£6M funding for XMaS facility

The XMaS facility, at the European Synchrotron Radiation (ESRF) in France, is owned by the University of Liverpool and University of Warwick

The University of Liverpool’s world-leading x-ray magnetic scattering (XMaS) facility has been awarded £6million funding to continue its study of the microscopic and atomic structure of matter.

The facility, has received funding from the Department of Business, Innovation and Skills and the Engineering and Physical Sciences Research Council (EPSRC) to further study into the atomic and magnetic structures of materials and their properties under different conditions at scales of ten thousand times thinner than a human hair.

Major boost

Professor Christopher Lucas, Professor of Physics and co-Director of XMaS, said: “This funding is a major boost for the UK scientific community.  XMaS has had a major impact across various fields including healthcare, energy and materials for next generation computing.  Exploitation of technology and instrumentation that XMaS has developed has raised nearly £1million. This combination of world leading research and knowledge transfer ensures that XMaS continues to offer an excellent return on government investment.” 

“XMaS has had a major impact across various fields including healthcare, energy and materials for next generation computing” 

XMaS, based at European Synchrotron Radiation(ESRF) in France and owned by the Universities of Liverpool and Warwick, is currently working with 20 active research groups, representing approximately 100 researchers,  in fields such as materials science, physics, chemistry and biomaterial that contribute to societal challenges including energy storage and recovery, the digital economy and advances in healthcare.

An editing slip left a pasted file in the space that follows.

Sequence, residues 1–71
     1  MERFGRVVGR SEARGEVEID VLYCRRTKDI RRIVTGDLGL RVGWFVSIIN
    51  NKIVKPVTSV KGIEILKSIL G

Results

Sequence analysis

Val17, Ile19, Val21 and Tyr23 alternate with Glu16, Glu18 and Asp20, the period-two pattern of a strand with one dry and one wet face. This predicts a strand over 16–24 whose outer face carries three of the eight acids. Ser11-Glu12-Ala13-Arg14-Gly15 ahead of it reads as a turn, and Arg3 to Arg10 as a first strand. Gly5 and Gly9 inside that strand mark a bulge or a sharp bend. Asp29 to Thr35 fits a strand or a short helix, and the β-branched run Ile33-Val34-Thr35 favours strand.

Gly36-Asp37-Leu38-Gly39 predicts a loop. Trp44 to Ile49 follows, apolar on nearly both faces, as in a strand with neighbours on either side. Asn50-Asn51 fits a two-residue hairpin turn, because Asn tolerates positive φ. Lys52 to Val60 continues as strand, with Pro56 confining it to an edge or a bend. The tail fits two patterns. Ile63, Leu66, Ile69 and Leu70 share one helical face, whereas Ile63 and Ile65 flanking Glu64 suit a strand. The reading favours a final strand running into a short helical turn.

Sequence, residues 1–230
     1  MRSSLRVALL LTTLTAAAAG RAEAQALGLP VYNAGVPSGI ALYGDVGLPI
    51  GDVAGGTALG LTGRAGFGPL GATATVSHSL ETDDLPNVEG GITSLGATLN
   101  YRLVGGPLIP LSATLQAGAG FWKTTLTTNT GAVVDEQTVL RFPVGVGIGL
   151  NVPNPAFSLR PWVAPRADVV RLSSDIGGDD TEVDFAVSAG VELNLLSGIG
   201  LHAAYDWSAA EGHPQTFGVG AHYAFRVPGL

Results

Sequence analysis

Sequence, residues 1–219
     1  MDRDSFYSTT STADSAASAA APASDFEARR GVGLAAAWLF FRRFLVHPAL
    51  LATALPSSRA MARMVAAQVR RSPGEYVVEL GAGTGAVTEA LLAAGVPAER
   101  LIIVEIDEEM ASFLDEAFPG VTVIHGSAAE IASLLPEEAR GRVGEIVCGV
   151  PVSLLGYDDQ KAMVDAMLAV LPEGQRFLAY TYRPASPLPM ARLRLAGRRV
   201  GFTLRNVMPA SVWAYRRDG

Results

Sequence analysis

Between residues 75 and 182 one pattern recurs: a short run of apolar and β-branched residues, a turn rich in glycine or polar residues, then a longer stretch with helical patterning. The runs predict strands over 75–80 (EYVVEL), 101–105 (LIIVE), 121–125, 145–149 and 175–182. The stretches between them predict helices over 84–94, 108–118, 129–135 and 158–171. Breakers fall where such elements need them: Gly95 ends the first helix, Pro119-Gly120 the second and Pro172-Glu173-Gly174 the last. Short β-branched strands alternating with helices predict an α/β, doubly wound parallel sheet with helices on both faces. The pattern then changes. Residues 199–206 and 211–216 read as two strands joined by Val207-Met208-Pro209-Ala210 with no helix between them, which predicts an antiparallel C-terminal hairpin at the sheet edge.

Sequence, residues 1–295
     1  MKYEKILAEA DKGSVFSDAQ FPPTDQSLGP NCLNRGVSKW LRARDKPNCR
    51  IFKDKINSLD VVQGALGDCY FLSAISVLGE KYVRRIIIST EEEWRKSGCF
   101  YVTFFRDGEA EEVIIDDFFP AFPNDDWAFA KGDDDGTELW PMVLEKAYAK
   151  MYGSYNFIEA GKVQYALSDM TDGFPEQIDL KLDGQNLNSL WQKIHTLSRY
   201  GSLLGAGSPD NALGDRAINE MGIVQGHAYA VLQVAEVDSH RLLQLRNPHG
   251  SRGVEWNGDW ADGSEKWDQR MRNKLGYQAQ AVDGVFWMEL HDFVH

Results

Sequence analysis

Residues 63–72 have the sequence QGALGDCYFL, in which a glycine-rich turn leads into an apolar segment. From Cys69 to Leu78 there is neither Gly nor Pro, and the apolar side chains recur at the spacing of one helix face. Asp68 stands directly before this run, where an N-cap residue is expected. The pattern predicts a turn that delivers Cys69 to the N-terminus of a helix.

Projects that XMaS is involved with include helping scientists re-grow teeth from stem cells or artificial implants, improving understanding of magneto-electric materials that will underpin more efficient data storage and reducing corrosion on metal heritage artefacts such as those recovered from the Mary Rose.  It has also resulted in the development of new technologies that have had a significant impact on the scientific community.

Vote of confidence

Professor Thomas Hase, from the University of Warwick, said: “This continued funding is a real vote of confidence in the quality of science we do at XMaS. Requests for beam time are close to double what we can accommodate. For scientific facilities this is an ideal situation, representing a high enough demand to ensure only excellent, internationally competitive science is performed.

“Because of this approach we see a very healthy ratio of beam time to publication, with one new paper coming from every two experimental runs on average.  An increasing proportion of these are in the highest impact publications.”

Professor David Delpy, Director of EPSRC, said: “Funding excellent fundamental and applied science is key to everything that EPSRC does and that’s why we have committed more funds to the XMaS beamline.”

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